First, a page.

6 women. 18 Moreover, the census revealed that out of 1094 registered heads of households, 51 percent were women and 49 percent were men. Interestingly, in spite of the slight difference, 31 percent of the men declared they had a partner and only 6 percent of the women did. This shows that along with male-headed nuclear families, female-headed households and single motherhood were remarkably prevalent throughout the city. Most female household heads were black, mulatto, and mestiza seamstresses and food vendors. Popayán elites anxieties over the high prospects of war in the region in the first decade of the nineteenth century led to a census that showed the army of [free and colored] women, as Pérez Hernández called them, who lived and worked in the city. One of them, Francisca Collazos, complied with her legal obligation to respond to the widow s lawsuit by acknowledging that the widow s jewelry was indeed used in a wedding celebration. However, along with that acknowledgement came the confession that a difficult economic situation forced her to pawn the jewelry. Francisca s enslaved daughter, María Manuela, took the jewelry to her master, who agreed to loan her an amount of money for the items. 19 Here, María Manuela once again acted as her mother s interlocutor and successfully conducted the transaction with her master, expanding an already intricate line of debt before leaving for the mining district. This specific scenario raises more questions than it answers: under what conditions did the widow lend her jewelry to Francisca? Whose wedding was celebrated and where? What explains the María Manuela s physical mobility and ability to help her mother conduct business in and outside her own site of captivity? 20 This last question inevitably generates a more pressing one: what were the meanings of freedom and slavery in early nineteenth-century Popayán Province? The case of Francisca Collazos invites us to grapple with this question from a microhistorical dimension by considering how Francisca and María Manuela fortified their bonds while blurring the definitions of freedom through their activities. Francisca s work as shopkeeper and moneylender allowed her to incorporate herself to an urban context, making a living while expanding her interactions and connections to a diverse group of 18 Of Popayán City s 7,064 inhabitants of all ages in 1807, 2,787 were male (478 whites, 1,260 mestizos, 115 Indians, 473 free mulattos, 33 free blacks, 428 enslaved blacks and mulattos) and 4,277 were female (530 whites, 1745 mestizas, 239 Indians, 745 free mulattas, 87 free blacks, 931 enslaved blacks and mulattas). Pérez Hernández, Prácticas y representationes, Ordinario, Colonia Judicial II-20 Civil, sig , f. 45r.v. 20 Historian Orián Jiménez has coined the term libertad transitoria to explain the spatial mobility that some slaves in the Pacific mining districts enjoyed when their overseers sent them hunting or in search of new gold deposits. Jiménez complicates the slave/libre dichotomy and adds a new dimension to understand the degrees of freedom slaves might have experienced during their captivity. Jiménez s framework seems relevant in putting María Manuela s mobility into context, showing that it was not unusual. See Jiménez, El Chocó, 70.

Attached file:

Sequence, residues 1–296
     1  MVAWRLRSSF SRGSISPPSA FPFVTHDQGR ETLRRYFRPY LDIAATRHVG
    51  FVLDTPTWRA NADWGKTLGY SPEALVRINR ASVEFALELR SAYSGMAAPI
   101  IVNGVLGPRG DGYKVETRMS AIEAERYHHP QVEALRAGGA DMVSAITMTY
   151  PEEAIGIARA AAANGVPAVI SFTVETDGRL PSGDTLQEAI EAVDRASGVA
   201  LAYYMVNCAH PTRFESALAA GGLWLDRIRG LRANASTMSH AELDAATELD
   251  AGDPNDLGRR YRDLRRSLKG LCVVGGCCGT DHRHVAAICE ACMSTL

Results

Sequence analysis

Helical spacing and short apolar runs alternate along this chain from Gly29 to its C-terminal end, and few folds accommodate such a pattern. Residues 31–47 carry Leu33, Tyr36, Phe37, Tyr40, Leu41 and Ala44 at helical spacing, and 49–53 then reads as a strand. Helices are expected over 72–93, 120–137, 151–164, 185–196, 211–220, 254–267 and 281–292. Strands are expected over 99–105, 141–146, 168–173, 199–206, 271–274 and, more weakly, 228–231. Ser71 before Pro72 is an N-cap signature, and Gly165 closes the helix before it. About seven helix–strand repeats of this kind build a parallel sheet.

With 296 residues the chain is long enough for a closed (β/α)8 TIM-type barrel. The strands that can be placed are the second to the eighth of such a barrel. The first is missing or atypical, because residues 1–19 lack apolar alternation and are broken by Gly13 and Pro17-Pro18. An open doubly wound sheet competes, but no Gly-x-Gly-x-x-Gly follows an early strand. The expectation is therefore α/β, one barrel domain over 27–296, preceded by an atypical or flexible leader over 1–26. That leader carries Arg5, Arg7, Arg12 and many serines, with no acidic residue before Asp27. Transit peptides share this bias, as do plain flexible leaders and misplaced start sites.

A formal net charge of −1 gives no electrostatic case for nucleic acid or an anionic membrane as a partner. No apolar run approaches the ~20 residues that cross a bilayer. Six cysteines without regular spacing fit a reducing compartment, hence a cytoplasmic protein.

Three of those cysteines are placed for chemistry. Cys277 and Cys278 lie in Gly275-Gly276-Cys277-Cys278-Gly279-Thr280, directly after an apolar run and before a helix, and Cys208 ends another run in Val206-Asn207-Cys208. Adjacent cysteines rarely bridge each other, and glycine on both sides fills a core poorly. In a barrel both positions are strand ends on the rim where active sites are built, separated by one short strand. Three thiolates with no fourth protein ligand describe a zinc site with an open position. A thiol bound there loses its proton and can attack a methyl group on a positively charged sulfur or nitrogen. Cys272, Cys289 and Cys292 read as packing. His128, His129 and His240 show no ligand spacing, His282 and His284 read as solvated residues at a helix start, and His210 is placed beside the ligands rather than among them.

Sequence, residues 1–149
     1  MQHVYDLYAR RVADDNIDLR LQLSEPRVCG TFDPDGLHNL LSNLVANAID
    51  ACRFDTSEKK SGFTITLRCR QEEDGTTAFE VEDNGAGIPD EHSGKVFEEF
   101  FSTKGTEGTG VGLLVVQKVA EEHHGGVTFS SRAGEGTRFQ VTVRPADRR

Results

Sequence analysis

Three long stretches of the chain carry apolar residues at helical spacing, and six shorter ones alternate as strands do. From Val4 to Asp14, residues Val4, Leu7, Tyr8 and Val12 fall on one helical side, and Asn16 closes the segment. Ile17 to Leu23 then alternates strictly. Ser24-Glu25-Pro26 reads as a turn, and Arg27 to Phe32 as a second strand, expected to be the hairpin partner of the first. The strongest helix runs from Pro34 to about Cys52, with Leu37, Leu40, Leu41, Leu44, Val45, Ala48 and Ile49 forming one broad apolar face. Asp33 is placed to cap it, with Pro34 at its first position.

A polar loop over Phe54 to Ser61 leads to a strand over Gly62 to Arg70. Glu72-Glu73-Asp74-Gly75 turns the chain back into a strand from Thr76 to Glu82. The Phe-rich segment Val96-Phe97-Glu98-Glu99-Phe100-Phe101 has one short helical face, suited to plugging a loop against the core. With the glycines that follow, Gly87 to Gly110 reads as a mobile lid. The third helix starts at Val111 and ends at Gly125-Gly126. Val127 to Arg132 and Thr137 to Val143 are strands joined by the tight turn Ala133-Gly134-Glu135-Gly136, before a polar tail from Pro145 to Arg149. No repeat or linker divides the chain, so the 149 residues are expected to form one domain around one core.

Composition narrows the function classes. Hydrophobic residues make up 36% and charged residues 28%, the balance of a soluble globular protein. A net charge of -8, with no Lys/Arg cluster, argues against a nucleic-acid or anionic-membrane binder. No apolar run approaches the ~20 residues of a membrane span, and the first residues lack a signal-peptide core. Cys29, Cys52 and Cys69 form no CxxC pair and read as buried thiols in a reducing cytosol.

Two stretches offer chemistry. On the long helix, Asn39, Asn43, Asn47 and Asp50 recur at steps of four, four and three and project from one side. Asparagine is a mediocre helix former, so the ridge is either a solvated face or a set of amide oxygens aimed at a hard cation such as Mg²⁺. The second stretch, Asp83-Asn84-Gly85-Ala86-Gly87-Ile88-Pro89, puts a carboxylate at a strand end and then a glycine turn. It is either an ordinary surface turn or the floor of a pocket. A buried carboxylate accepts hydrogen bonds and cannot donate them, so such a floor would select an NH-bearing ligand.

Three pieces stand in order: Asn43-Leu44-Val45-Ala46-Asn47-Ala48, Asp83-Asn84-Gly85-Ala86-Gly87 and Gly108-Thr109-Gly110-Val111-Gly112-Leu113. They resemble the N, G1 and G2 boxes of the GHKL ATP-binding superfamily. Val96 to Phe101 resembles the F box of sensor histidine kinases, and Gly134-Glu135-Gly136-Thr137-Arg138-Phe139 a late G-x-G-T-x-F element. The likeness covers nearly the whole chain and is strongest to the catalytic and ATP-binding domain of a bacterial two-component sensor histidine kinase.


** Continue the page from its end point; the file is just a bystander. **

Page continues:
7 people. As we have seen, such interactions were crucial as they led to complicated networks of debt that reshaped social and family relations across different spaces. They shaped Francisca s life as a freedwoman whose socioeconomic transactions were often mediated by her daughter María Manuela, in spite of the latter s legal status as a hacienda slave. If freedom is, as some scholars have argued, not a natural state, but a social construct rooted in specific experiences in time, then the case of Francisca and María Manuela may exemplify how ideas and contradictions about slavery and freedom that circulated in a slave society like Popayán were lived on the ground Frederick Cooper, Rebecca J. Scott and Thomas Holt, Beyond Slavery: Explorations of Race, Labor, and Citizenship in Postemancipation Societies (Chapel Hill: The University of North Carolina Press, 2000), 9.

8 Obras citadas Fuentes primarias Archivo Central del Cauca Popayán. Sección Colonia, Judicial II-20 civil, sig Fuentes secundarias Colmenares, Germán. Historia Económica y Social de Colombia. Popayán, una sociedad esclavista, Bogotá: Tercer Mundo, La Independencia. Ensayos de historia social. Bogotá: Instituto Colombiano de Cultura, Cooper, Frederick, Rebecca J. Scott and Thomas Holt. Beyond Slavery: Explorations of Race, Labor, and Citizenship in Postemancipation Societies. Chapel Hill: The University of North Carolina Press, Echeverri, Marcela Conflicto y hegemonía en el suroccidente de la Nueva Granada, Fronteras de la historia 11 (2006): 'Enraged to the limit of despair': Infanticide and Slave Judicial Strategies in Barbacoas, " Slavery and Abolition 30:3 (2009): Pérez Hernández, María Teresa. Prácticas y representationes en torno a la familia, el género y la raza. Popayán en Convergencia 37 (2005).